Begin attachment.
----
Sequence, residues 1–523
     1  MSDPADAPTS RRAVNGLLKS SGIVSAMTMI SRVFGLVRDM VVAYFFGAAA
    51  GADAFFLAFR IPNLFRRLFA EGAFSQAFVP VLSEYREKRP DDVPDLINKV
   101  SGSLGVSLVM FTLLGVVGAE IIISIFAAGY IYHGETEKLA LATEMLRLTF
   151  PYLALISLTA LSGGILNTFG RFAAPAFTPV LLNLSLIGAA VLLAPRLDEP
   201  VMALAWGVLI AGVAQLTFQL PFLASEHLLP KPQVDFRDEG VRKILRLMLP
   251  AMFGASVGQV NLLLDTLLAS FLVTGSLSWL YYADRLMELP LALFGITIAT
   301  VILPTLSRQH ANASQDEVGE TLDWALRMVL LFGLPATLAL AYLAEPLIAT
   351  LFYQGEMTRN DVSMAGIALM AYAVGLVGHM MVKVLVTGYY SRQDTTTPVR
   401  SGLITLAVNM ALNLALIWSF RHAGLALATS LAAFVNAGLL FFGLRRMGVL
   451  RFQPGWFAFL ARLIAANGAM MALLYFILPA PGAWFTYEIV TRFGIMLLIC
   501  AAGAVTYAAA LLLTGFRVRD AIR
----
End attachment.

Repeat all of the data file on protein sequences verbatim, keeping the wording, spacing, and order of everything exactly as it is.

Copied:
Sequence, residues 1–523
     1  MSDPADAPTS RRAVNGLLKS SGIVSAMTMI SRVFGLVRDM VVAYFFGAAA
    51  GADAFFLAFR IPNLFRRLFA EGAFSQAFVP VLSEYREKRP DDVPDLINKV
   101  SGSLGVSLVM FTLLGVVGAE IIISIFAAGY IYHGETEKLA LATEMLRLTF
   151  PYLALISLTA LSGGILNTFG RFAAPAFTPV LLNLSLIGAA VLLAPRLDEP
   201  VMALAWGVLI AGVAQLTFQL PFLASEHLLP KPQVDFRDEG VRKILRLMLP
   251  AMFGASVGQV NLLLDTLLAS FLVTGSLSWL YYADRLMELP LALFGITIAT
   301  VILPTLSRQH ANASQDEVGE TLDWALRMVL LFGLPATLAL AYLAEPLIAT
   351  LFYQGEMTRN DVSMAGIALM AYAVGLVGHM MVKVLVTGYY SRQDTTTPVR
   401  SGLITLAVNM ALNLALIWSF RHAGLALATS LAAFVNAGLL FFGLRRMGVL
   451  RFQPGWFAFL ARLIAANGAM MALLYFILPA PGAWFTYEIV TRFGIMLLIC
   501  AAGAVTYAAA LLLTGFRVRD AIR